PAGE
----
that results in outstanding performance at work. Our emotional intelligence
determines our potential for learning the practical skills that are based on its five
elements: self-awareness, motivation, self-regulation, empathy, and adeptness in
relationships. Our emotional competence, on the other hand, shows how much of
that potential we have translated into on-the-job capabilities. For instance, being
good at serving customers is an emotional competence based on empathy.
Likewise, trustworthiness is a competence based on self-regulation, or handling
impulses and emotions well. Both customer service and trustworthiness are
competencies that can make people outstanding in their work. Simply being high
in emotional intelligence does not guarantee a person will have learned the
emotional competencies that matter for work; it means only that they have
excellent potential to learn them.

The Leadership Edge
Emotional competence is particularly central to leadership, a role whose essence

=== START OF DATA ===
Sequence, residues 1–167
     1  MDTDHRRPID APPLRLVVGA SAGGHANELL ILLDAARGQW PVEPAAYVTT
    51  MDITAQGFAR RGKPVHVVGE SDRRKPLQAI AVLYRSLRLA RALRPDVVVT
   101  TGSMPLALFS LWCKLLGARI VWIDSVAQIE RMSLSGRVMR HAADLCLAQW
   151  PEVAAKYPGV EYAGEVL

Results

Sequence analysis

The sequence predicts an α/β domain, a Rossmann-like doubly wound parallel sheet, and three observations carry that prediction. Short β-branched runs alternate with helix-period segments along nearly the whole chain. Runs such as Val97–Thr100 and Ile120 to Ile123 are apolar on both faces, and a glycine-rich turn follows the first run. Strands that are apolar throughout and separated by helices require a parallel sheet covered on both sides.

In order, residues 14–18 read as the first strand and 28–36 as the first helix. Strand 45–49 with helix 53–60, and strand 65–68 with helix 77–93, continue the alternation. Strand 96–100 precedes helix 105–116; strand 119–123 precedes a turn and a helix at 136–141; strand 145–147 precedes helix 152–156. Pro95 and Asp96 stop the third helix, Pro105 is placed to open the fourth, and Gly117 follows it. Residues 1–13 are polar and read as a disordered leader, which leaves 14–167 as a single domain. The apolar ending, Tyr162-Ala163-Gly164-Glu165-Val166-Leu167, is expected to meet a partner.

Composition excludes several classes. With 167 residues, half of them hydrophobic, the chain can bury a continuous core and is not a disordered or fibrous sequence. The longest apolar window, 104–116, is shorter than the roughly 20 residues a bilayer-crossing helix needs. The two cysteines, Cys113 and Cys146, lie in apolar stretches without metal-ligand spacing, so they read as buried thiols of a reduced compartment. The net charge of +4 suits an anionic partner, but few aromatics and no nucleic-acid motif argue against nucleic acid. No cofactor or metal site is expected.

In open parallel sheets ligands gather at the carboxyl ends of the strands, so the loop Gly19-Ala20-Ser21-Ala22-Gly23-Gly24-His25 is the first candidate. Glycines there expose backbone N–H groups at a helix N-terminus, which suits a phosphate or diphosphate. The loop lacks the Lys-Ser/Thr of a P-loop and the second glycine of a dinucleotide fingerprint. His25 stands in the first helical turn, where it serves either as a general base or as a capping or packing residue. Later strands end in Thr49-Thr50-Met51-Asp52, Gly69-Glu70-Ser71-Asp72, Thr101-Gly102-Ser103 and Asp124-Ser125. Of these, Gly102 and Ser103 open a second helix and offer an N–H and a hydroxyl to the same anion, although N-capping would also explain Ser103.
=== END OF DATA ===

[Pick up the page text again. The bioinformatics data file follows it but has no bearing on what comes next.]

is getting others to do their jobs more effectively. Interpersonal ineptitude in
leaders lowers everyone’s performance: it wastes time, creates acrimony,
corrodes motivation and commitment, builds hostility and apathy. A leader’s


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strengths or weaknesses in emotional competence can be measured in the gain
or loss to the organization of the fullest talents of those they manage.

Talents for These Times
Claudio Fernandez-Araoz, in charge of executive searches throughout Latin
America from Egon Zehnder International’s Buenos Aires office, compared 227
highly successful executives with 23 who failed in their jobs. He found that the
managers who failed were almost always high in expertise and IQ. In every case
their fatal weakness was in emotional intelligence – arrogance, over reliance on
brainpower, inability to adapt to the occasionally disorienting economic shifts in
that region, and disdain for collaboration or teamwork.

The Inner Rudder
A physician was once offered a business proposition: If he would leave his
practice to become medical director of a fledgling condominium health resort and
invest $100,000 of his own capital in the venture, his projected share of the
business would amount to $4 million within three years. Or so the business plan
promised. He liked the vision of a resort where people could improve their health
as they vacationed; coupled with the lure of a possibly fantastic payoff he